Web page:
Third, acknowledgement and proper protection of health workers, including training on infection prevention and control and sufficient provision of personal protective equipment, was a prerequisite for maintaining the morale of the health workforce. Patient safety starts with health workers’ safety.
Fourth, good governance mattered in the public and private health sector, as well as other sectors. A whole-of-nation approach across sectors enabled some countries to draw on established mechanisms to adapt and respond with flexibility to the wide-ranging consequences of a pandemic lockdown. In some cases, decentralization provided the decision space for local authorities to make appropriate policy decisions in line with the local contexts, drawing on timely monitoring of service utilization. The combined social capital gains from responsive governance and a committed health workforce during the crisis can also contribute to increased community trust in health service provision. Many countries reported that lack of trust was a major disrupter.
Fifth, there was less disruption when countries employed integrative systemwide approaches that moved away from silos of surveillance and health service delivery for COVID-19. For example, continuity of essential services was improved when pandemic contact tracers were aware of routine surveillance needs such as assessing people for skin lesions associated with leprosy, or hypertensive follow-ups. Another example was the strengthening of pandemic surveillance when screening for COVID-19 was incorporated into routine assessments of all suspected tuberculosis or malaria cases.
| Window of opportunity to build back better|| |
The pandemic is a sharp reminder of how easily overwhelmed our health systems can become during public health emergencies. We have also witnessed during the pandemic that health systems built on a foundation of primary health care (PHC) are resilient and adapt in the face of enormous internal and external pressure. With the imminent global rollout of COVID-19 vaccines, health systems will continue to experience significant pressure vis-à-vis health workforce capacity, resource allocation and strategic communication to address vaccine hesitancy, among other issues. Countries are not starting from scratch. We must revitalize and build on the existing PHC systems.
The lessons learnt and best practices emerging during this pandemic are indicative of the pivotal role of PHC in the continuity of essential services, improved equity and increased health security. These have been captured as practical ways forward in the PHC operational framework drafted jointly by WHO and the United Nations Children’s Fund (UNICEF). The framework proposes 14 levers for countries to consider in strengthening PHC-centred health systems towards universal health coverage and the health-related Sustainable Development Goals. We should not miss this window of opportunity to learn from the wide range of emerging best practices in countries, encourage more and more innovations, sustain and accelerate our investments in PHC, and build back better, differently and more prepared.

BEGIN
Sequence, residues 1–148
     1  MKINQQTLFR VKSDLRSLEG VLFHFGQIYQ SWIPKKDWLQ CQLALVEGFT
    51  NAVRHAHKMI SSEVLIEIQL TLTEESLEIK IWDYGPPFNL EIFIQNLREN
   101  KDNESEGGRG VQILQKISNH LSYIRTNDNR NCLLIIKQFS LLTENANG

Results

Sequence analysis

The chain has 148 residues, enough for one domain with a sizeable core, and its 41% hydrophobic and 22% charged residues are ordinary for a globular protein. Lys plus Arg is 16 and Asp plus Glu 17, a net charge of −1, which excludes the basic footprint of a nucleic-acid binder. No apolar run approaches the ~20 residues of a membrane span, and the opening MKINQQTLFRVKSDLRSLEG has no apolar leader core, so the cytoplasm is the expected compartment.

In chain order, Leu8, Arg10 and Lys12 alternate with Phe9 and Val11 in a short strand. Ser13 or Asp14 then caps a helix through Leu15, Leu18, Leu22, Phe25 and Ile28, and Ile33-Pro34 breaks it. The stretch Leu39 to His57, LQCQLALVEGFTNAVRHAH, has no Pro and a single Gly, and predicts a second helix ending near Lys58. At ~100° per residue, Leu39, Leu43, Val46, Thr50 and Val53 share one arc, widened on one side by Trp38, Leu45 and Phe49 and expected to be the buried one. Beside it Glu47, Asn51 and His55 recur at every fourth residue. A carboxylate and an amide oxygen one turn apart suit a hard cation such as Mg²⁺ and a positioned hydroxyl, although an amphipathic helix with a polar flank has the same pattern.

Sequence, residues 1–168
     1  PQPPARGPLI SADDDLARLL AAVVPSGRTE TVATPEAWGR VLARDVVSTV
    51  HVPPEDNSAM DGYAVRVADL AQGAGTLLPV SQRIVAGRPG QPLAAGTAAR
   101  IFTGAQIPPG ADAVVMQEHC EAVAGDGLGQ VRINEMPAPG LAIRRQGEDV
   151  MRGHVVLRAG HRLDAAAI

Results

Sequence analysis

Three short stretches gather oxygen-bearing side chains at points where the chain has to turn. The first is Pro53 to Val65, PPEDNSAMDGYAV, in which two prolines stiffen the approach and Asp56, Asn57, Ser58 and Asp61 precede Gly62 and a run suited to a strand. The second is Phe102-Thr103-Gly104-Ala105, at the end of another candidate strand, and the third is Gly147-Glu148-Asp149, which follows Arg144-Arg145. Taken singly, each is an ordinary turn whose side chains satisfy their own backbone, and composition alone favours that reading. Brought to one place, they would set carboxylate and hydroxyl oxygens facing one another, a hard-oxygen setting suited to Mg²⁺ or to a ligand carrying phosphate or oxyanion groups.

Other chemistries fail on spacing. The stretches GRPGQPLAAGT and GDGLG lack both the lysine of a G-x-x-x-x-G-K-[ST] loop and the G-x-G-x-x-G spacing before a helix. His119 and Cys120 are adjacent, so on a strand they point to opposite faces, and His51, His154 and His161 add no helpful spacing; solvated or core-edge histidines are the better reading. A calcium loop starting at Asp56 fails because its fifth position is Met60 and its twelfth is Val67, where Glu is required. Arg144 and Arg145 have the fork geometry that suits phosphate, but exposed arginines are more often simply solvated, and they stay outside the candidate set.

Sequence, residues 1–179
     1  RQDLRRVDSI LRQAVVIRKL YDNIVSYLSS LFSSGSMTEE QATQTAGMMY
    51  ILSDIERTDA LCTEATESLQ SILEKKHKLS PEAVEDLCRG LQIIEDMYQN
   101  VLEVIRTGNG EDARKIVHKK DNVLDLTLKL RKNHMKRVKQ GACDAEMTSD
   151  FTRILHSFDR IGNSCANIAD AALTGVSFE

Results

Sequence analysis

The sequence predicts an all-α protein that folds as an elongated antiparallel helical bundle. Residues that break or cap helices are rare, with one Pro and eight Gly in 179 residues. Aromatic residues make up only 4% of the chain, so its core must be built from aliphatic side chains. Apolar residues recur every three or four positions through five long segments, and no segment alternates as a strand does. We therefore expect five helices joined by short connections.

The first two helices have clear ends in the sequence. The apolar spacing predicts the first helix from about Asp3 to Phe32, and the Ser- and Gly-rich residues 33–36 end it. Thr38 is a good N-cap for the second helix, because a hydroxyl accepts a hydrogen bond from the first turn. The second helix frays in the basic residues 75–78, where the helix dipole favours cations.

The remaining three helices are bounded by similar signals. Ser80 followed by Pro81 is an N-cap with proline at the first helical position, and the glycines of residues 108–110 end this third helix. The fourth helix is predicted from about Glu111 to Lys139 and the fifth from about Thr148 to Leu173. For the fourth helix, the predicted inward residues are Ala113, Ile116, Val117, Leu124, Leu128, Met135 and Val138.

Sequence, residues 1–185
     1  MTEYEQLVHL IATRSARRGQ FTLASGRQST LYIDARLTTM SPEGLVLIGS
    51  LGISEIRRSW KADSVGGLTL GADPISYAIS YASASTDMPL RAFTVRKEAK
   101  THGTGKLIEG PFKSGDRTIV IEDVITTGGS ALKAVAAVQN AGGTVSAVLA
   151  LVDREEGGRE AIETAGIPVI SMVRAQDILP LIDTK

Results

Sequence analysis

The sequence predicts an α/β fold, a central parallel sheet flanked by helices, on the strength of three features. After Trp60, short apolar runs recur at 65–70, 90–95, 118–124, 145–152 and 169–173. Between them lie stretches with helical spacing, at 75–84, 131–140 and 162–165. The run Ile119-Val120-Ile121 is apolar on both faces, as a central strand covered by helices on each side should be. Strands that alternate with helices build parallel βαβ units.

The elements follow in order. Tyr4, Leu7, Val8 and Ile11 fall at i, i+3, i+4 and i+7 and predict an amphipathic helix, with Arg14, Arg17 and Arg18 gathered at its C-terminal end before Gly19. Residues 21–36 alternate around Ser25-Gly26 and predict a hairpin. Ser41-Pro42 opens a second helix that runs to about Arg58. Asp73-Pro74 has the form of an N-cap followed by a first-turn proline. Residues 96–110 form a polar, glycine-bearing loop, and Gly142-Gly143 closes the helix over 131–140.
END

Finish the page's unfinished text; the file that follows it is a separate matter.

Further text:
Disclaimer: The designations employed and the presentation of the material in this publication do not imply the expression of any opinion whatsoever on the part of the World Health Organization, concerning the legal status of any country, territory, city or area or its authorities, or concerning the delimitation of its frontiers or boundaries. Dotted lines on maps represent approximate border lines for which there may not yet be full agreement. The mention of specific companies or of certain manufacturers’ products does not imply that they are endorsed or recommended by the World Health Organization in preference to others of a similar nature that are not mentioned. All reasonable precautions have been taken by the World Health Organization to verify the information contained in this publication. However, the published material is being distributed without warranty of any kind, either expressed or implied. The responsibility for the interpretation and use of the material lies with the reader. In no event shall the World Health Organization be liable for the damages arising from its use. The named authors alone are responsible for the views expressed in this publication.
Acknowledgements: The authors would like to thank the support of the WHO country offices in the South-East Asia Region for continued discussion and analysis. The authors also thank the WHO headquarters for its development of the rapid assessment tool on the continuity of essential health services.
Source of support: None.
Conflict of interest: None declared.
Authorship: MZ and ST jointly conceptualized the manuscript. MZ wrote the first draft of the manuscript with input from ST. Both authors contributed to the discussion and analysis and approved the final version of the manuscript.
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[Figure 1], [Figure 2], [Figure 3]